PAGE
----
When I found out that my new work does not supply me with a blackberry, I decided to get one myself. I was thinking about it anyway and went to Vodafone as my contract is about to run out the end of August. In store they told me that I could not get a business contract, which includes the 24 hour phone replacement service and free land line calls as well as the free Blackberry, whilst having a customer account. Therefore, they suggested that I should cancel my contract to a “pay as you talk” and then come back to the store and take out a business account.

Of course I wasn’t happy with the solution and contacted their online and telephone team and got various answers. Whilst the telephone team sent me a very complicated transfer form, the online team sent me a link for an easy form to transfer my phone number and contract to a business account. However, that form had a usability issue which didn’t let me fill in my correct birth date, e.g. the days only went from 1 to 28.

Now, as I wanted things to go smoothly, I called them up and explained but no one seemed to bother. I then got the answer of

Hello Volkar,
I understand from your email that you want us to inform transfer team to correct you date of birth to 30/4/1977.
Volkar, you need to contact new connection team 08080741741 in order to correct you date of birth to 30/4/1977.
I trust I have done the needful.

Firstly, they couldn’t even address their customer with the correct name which I pointed out but still didn’t get an apology. Then, even for me as a foreigner, the English just doesn’t sound correct! And, lastly, the number wasn’t free. So because Vodafone could not get a form that allows me to do the correct thing, I had to pay money to get things sorted? I don’t think so. They then complied of me sending in a driving licence and again I refused being a customer for many years, they should surely know my birthday by now, shouldn’t they?

I spent another hour on the phone to the customer service, often ending up in a dead end, e.g. “yes, we are happy to put you through to the business account service team, enter your number.” But as my number hasn’t been recognised as a business number, I was thrown out of the line. That happened repetitively and I got so fed up that I went on Twitter!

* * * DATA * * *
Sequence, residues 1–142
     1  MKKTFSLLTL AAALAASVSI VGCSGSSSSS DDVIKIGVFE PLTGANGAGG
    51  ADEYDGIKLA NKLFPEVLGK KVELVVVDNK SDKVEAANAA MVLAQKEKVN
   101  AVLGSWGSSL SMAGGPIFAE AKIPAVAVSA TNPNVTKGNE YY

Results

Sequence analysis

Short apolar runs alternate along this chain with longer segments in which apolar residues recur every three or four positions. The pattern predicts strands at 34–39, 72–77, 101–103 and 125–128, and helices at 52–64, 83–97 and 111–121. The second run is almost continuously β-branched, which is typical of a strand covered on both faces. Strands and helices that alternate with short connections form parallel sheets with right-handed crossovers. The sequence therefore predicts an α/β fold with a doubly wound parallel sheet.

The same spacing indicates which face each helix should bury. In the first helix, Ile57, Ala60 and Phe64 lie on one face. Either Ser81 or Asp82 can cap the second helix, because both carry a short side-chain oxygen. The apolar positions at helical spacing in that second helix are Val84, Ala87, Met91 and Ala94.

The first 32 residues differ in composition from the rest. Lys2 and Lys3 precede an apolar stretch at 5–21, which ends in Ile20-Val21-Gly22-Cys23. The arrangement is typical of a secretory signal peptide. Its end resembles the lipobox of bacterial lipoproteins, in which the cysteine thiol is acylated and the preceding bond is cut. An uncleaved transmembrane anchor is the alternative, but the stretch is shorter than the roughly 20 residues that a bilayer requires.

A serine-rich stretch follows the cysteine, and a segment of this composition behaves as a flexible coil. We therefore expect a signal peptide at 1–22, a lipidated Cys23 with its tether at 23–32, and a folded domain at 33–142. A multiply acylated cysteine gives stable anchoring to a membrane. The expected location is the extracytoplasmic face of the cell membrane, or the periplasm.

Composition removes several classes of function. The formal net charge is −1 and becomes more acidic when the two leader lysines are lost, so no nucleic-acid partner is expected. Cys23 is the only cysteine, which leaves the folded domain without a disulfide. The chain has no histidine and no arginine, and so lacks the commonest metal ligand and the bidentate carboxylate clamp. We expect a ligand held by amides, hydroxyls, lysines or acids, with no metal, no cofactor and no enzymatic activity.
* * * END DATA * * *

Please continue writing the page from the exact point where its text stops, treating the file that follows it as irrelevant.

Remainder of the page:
That is where the whole “fun” started. No one but ex-Virgin and BT seemed to pick up on me complaining about Vodafone. I would have loved to take on the offer from BT who kindly send me a nice reply on how to become a BT Business Customer. BT’s customer service really improved! They are doing a great job of monitoring and engaging with their clients on social media sites, such as Twitter.

A friend finally pointed me in the direction of the Vodafone Directors Office on Twitter, Ian Sheperd. He and his team were great and engaged with me on the level I approached them: Social Media site Twitter! I got a call the very same day of approaching him that my account will be transferred within 30 days, I will get my free Blackberry, and that I don’t need to re-send any proof of my birth date.

Even the next day I got another call from his team, apologising for the poor experience and Ian said that he is determined to make me an advocate for Vodafone. But will I?

First of all it depends on how they deal with my account transfer. If by mid August I will have a blackberry and the contract and everything sorted the way I want, then I am more than happy to speak out for Vodafone. However, I truly believe they need to improve their customer service, not only customer service on Twitter.

For big brands it gets more important than ever to engage with their clients where they are. They need to be on social media sites such as Twitter and find out if anyone speaks about their brand. And, if the experience like in my case is poor, they need to engage with me, and make me an advocate there and then. However, the process Ian went through was quite lengthy and I am sure he shouldn’t be the one that is dealing with complaints, then again I am glad he did in my case.

As you might have noticed by now, I am very passionate about two things: Social Media and Customer Service. The latter is very important for anyone from my local ironing shop to brands like Vodafone. But the combination of both become more and more powerful. All Social Media does is to engage with the audience and clients where they are. If that is Twitter, YouTube or through games or communities does not matter. But Social Media is a channel brands can no longer ignore.

Ian, thanks again for your help and I hope we can sort out my account and you turn me into an advocate for Vodafone. Also, if you have questions about how Vodafone can embrace Social Media, please do not hesitate to contact me. I am more than happy to present you with some exciting ideas! You got my number πŸ˜‰

…to be continued…